Iran protesters

Iranian police arrested several people they claim were “instigators” behind last week’s anti-government protests in the city of Behbahan in the southwest of the country. The government’s handling of Iran’s deepening economic and coronavirus crises has contributed to growing public unrest. Iran’s rulers have tried to prevent a revival of last November’s anti-government protests in which hundreds of people were killed. The security clampdown comes as Iranians become bolder in voicing their opposition to government oppression.  On 15 July, Iranians from various political, economic and cultural backgrounds — lawyers, teachers, footballers, artists, students, activists — joined together in an unprecedented ‘Twitter storm’ (more than 4.5 million tweets worldwide), sharing the hashtag #DoNotExecute to protest the judiciary’s upholding of the death sentences of three men arrested after last year’s nationwide protests. The imminent executions are viewed by many as a warning by the government against dissent, however, it is interesting to note that similar conditions led to the Shah’s overthrow in [Ayatollah Ruhollah] Khomeini’s revolution in 1979. Iran’s ruling Guardian Council seems to be aware it is losing its grip on the masses, but they appear to continually default to further repression.

From a Christian perspective, Iranian believers are regularly targeted by Iran’s security apparatus. In July 2019, Iranian authorities arrested eight Christian converts in the south-eastern Persian Gulf city of Bushehr (one was subsequently released due to her age). In April 2020, the seven remaining believers were convicted of ‘propaganda against the state’ (Article 500 of the penal code). In June, a house-church in western Tehran’s Yaftabad district was raided and all 30 believers present were taken to intelligence headquarters. It is believed that the raids were co-ordinated with the help of an informant, who had infiltrated the group and gained their trust. Under amendments passed in May, to Articles 499 and 500 of the Islamic Penal Code, those found guilty of ‘deviant psychological manipulation’ or ‘propaganda contrary to Islam’, whether in the ‘real or virtual sphere’, can now be labelled as ‘sects’ and punished with imprisonment, flogging, fines, or even the death penalty. Previously, Iran avoided using religious language in its persecution of Christians, as it attracted criticism of Iran’s human rights. Instead, Iran charged Christians with non-religious national security offences. This has now changed, and there will likely be an escalation in the persecution of Christians.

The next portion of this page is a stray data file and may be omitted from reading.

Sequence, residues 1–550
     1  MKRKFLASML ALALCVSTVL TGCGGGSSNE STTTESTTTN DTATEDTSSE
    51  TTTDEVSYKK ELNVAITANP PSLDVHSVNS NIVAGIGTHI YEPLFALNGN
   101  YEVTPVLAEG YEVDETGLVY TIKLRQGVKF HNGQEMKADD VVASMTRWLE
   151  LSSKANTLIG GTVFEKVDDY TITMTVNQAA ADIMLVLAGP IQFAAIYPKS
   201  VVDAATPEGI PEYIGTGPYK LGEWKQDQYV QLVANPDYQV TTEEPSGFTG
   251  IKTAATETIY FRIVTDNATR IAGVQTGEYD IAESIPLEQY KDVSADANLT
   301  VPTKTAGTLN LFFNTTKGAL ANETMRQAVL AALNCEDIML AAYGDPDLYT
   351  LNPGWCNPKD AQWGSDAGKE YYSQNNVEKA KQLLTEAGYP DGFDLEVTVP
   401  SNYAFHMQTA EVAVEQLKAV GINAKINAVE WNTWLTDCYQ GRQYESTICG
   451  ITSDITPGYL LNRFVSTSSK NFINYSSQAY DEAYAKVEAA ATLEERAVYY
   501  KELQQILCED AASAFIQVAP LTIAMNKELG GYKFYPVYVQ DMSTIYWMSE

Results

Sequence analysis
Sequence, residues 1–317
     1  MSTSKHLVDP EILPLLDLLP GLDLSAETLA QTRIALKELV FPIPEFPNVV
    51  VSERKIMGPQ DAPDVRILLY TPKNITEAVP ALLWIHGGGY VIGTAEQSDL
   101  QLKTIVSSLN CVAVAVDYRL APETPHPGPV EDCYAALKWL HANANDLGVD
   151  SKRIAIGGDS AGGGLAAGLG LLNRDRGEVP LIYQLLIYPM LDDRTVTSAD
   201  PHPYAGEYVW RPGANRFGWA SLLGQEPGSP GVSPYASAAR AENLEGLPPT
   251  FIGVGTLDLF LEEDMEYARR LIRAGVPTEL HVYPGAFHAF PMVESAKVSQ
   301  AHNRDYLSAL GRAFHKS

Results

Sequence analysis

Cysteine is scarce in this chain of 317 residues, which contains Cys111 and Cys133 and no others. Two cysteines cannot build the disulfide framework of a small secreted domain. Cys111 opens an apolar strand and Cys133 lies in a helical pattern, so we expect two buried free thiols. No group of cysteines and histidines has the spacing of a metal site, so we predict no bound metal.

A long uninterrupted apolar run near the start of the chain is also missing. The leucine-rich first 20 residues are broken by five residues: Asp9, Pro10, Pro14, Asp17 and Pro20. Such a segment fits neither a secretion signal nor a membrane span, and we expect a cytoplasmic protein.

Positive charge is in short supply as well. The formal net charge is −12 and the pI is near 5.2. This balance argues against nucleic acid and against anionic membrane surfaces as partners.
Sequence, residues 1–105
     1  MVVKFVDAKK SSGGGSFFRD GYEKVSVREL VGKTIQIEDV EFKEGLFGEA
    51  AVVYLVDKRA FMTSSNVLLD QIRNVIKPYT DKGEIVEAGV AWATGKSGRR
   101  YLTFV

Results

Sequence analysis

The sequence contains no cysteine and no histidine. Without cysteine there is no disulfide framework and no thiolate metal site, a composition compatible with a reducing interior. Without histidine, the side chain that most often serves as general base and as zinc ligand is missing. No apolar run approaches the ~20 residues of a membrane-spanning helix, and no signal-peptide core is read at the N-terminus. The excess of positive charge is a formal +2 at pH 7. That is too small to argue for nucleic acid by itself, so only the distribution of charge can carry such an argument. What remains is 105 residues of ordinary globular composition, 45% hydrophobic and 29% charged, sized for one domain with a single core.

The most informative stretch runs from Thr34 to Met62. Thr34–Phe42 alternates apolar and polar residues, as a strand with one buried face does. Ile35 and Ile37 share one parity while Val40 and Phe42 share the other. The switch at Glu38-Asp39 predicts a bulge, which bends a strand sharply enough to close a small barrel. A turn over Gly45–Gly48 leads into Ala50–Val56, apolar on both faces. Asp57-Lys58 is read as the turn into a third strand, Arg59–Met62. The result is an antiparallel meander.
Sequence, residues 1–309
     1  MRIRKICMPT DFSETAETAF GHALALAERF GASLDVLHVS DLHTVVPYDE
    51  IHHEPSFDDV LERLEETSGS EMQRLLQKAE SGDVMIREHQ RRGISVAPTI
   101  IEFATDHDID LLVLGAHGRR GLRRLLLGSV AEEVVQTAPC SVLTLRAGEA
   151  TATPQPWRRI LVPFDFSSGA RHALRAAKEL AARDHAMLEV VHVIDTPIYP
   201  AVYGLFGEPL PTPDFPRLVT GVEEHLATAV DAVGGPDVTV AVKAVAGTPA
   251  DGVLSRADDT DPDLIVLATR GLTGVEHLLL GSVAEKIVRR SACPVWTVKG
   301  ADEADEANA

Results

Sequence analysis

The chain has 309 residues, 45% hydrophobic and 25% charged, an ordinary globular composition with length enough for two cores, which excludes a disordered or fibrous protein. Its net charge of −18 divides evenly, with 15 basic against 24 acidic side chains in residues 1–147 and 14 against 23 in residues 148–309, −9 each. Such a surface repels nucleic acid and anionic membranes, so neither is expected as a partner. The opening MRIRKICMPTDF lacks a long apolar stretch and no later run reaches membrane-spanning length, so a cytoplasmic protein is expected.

Pray with us for the following:

  • For Iran’s leadership to soften their stance towards their people, and respond to their cries constructively, not with the ‘rod’
  • For the Iranian Church to continue to grow in the face of persecution
  • For imprisoned believers